Saudi Arabia has spent billions of dollars propagating an extremist picture of Islam religion, as it founded many religious centers in the countries around the world in a bid to spread Wahhabi thoughts. Wahhabism is known as the original source for rise of many takfiri and terrorist groups around the globe.
Asking seven Questions and answering them, this article seeks to give a clear picture of Wahhabism and the Saudi goals behind spreading it worldwide.
1. What is Wahhabism?
Wahhabism was founded in 18th century by some Muslims who sought to return to Quranic literalism. It is considered as one of the most strict Islamic branches. Wahhabism’s founder, Sheikh Muhammad ibn Abd al-Wahhab, a preacher and scholar, asked the local leader Muhammad bin Saud to give him support. Co-operating, these two spread out the Wahhabi thoughts across the Arabian Peninsula. Later, Abd al-Wahhabi’s daughter married to the son of Muhamad bin Saud. This meant that all of Al Saud dynasty is from Abd al-Wahhab’s generation. Wahhabism decrees that men and women should be separate in the society, and the women should be fully dressed when they appear in public. Followers of other Islamic branches like Shiites and moderate Sunnis, who do not obey the Wahhabis’ religious guidelines and orders are considered infidels by them. Wahhabis have set some penalties for such offenses as sacrilege and apostasy which include lashing, stoning and decapitating.
2. How has Wahhabism become strong in Saudi Arabia?
In 1979 a very significant event took place. In that year the radical Wahhabi clerics have thought that Al Saud, the ruling family, was stained with Western moral degeneracy, therefore, they mobilized hundreds of fighters and dispatched them to the city of Mecca to seize Masjid al-Haram. Feeling a great danger, the ruling family cancelled modernist measures and restored the former social conditions to pacify the deployed fighters. Along with shutting down the cinemas and music stores, the Saudi officials granted the religious police larger powers to monitor the offenses and implement punishments for them. According to the former diplomat John Borgus, the occupation of Masjid al-Haram has pushed back Saudi Arabia 30 years behind, diverting the kingdom from the social development course it embarked on. The Saudi ruling family made a big deal with the Wahhabi clerics, being committed that as long as the Wahhabi extremists kept their armed activities out of the Saudi territories, Riyadh would provide the Wahhabism’s propagation campaign with financial support. The agreement has caused the radical Islamism to replace the moderate versions of Islam religion in many countries, and in fact it was after this time that many of terror groups started to grow.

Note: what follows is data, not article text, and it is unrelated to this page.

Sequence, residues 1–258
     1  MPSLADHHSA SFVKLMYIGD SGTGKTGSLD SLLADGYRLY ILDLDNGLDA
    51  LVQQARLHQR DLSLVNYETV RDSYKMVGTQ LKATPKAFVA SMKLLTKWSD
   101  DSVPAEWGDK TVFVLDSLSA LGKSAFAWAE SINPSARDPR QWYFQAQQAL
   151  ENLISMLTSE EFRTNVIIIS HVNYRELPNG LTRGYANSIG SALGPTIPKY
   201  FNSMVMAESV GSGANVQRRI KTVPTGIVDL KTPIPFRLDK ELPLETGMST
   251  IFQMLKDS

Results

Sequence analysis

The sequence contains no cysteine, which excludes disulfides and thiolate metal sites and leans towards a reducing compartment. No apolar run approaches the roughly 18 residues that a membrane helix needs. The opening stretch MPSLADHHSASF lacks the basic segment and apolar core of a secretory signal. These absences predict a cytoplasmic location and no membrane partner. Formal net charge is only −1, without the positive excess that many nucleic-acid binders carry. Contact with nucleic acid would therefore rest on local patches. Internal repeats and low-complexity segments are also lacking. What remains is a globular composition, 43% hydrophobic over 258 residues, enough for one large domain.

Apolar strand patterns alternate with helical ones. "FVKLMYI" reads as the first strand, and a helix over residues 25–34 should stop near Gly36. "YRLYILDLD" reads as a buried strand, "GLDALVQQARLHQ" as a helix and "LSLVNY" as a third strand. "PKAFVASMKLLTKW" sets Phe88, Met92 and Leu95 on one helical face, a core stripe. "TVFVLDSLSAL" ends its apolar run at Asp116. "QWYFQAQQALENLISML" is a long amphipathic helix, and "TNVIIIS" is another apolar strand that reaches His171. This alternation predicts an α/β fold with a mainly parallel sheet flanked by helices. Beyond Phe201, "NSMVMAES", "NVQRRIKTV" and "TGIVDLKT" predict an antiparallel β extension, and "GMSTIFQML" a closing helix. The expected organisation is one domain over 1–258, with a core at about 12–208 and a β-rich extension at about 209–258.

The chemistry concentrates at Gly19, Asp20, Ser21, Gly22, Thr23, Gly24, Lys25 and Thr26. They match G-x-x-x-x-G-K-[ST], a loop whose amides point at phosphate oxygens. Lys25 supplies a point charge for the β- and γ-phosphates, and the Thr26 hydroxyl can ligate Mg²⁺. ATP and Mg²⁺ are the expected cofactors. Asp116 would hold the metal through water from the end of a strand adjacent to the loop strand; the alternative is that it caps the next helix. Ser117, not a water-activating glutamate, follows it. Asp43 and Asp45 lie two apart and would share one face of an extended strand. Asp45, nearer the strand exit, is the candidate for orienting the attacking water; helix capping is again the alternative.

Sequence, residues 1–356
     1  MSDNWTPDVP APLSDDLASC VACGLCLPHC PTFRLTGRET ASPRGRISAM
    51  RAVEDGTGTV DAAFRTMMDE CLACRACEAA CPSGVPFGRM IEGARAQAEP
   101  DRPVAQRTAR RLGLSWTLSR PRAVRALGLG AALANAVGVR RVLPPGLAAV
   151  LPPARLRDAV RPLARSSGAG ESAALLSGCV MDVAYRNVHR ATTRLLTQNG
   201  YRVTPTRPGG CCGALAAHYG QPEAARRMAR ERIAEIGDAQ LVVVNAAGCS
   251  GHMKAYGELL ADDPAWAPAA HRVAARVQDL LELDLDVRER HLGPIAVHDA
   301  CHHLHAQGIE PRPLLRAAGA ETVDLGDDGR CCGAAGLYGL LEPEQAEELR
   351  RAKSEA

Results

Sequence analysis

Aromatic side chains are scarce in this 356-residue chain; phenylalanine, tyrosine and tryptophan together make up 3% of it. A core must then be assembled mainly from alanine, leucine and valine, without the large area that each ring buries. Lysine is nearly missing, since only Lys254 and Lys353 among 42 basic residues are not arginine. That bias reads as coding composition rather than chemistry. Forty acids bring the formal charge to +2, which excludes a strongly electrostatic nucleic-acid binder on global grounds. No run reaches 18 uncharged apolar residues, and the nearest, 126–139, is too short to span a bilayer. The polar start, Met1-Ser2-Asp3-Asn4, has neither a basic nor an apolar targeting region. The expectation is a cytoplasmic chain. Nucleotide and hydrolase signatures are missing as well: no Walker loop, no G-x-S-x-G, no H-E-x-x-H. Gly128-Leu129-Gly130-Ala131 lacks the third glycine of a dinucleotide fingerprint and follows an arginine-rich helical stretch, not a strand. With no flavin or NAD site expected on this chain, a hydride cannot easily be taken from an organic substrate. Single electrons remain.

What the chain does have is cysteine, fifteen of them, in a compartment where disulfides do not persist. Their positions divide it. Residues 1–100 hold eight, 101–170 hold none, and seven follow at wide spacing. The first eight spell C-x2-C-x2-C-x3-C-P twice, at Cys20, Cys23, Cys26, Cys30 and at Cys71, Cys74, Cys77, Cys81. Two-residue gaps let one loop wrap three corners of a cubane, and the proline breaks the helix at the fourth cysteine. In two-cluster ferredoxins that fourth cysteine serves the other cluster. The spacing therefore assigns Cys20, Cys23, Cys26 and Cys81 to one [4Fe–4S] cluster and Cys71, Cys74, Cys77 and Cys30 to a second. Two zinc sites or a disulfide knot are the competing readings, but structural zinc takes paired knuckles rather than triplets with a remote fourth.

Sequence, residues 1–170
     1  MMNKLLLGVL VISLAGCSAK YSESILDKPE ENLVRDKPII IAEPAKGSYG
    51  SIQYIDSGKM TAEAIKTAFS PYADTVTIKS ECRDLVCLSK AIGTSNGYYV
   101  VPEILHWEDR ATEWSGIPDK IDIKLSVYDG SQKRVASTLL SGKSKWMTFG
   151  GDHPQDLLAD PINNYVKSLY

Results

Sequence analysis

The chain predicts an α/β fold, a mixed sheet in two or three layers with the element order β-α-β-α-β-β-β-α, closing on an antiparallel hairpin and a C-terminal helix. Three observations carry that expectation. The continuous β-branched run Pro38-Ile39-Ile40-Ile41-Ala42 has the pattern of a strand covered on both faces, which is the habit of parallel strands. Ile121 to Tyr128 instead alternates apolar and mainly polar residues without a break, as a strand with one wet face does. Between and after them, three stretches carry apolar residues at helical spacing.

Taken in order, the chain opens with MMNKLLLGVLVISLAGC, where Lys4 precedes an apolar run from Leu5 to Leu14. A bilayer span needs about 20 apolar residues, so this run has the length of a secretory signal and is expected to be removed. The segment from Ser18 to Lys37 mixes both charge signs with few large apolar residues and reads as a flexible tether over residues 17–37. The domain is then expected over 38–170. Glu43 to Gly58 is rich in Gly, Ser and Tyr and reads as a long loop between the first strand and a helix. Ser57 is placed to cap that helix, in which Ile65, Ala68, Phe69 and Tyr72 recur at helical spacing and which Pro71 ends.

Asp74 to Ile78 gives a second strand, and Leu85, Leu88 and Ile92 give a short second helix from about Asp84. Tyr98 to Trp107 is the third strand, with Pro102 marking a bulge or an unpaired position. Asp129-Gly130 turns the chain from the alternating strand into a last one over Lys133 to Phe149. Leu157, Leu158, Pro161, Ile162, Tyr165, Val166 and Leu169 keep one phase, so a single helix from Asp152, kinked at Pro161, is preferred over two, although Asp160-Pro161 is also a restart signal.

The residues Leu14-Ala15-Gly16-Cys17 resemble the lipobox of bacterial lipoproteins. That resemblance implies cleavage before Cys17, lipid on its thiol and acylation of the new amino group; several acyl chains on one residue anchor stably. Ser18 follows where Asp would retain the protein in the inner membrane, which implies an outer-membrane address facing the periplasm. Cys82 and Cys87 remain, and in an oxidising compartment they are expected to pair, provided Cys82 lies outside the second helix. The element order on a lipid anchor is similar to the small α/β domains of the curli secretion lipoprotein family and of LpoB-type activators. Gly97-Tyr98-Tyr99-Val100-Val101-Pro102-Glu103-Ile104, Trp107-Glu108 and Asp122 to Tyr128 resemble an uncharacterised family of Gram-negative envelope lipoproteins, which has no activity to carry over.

3. Why is Saudi Arabia promoting Wahhabi thought?
Saudi Arabia has been canvassing Wahhabism to counter Shiite Islam and to ensure that Muslim world is Sunni primarily. The conventional Sunni-Shiite dispute in Iraq, Yemen and generally in the whole West Asia region has grown more blatant, bitter and violent in recent years. Now that Iran has agreed to limit its nuclear program’s activities in exchange for lifting the international economic sanctions, Saudi Arabia is feeling a danger that Tehran could improve its conditions and emerge more aggressive in spreading Shiite thought and promoting Shiite-run revolutions. There are a lot of diplomatic documents, dating back to 2010-2015, released by WikiLeaks website recently showing that Saudi Arabia has been highly concerned about Iran’s actions and influence. Monitoring the Iranian religious and cultural activities, the Saudi government’s organizations have made attempts to block or prevent access to Iran-backed media in order to stop the Shiite Iran’s influence. The Saudi diplomats watch closely the Iranian moves anywhere in the world, from Tajikistan, which holds historical-Persian bonds with Iran, to China where the fettered Uyghur Muslim minority is taking more religious dispositions day by day.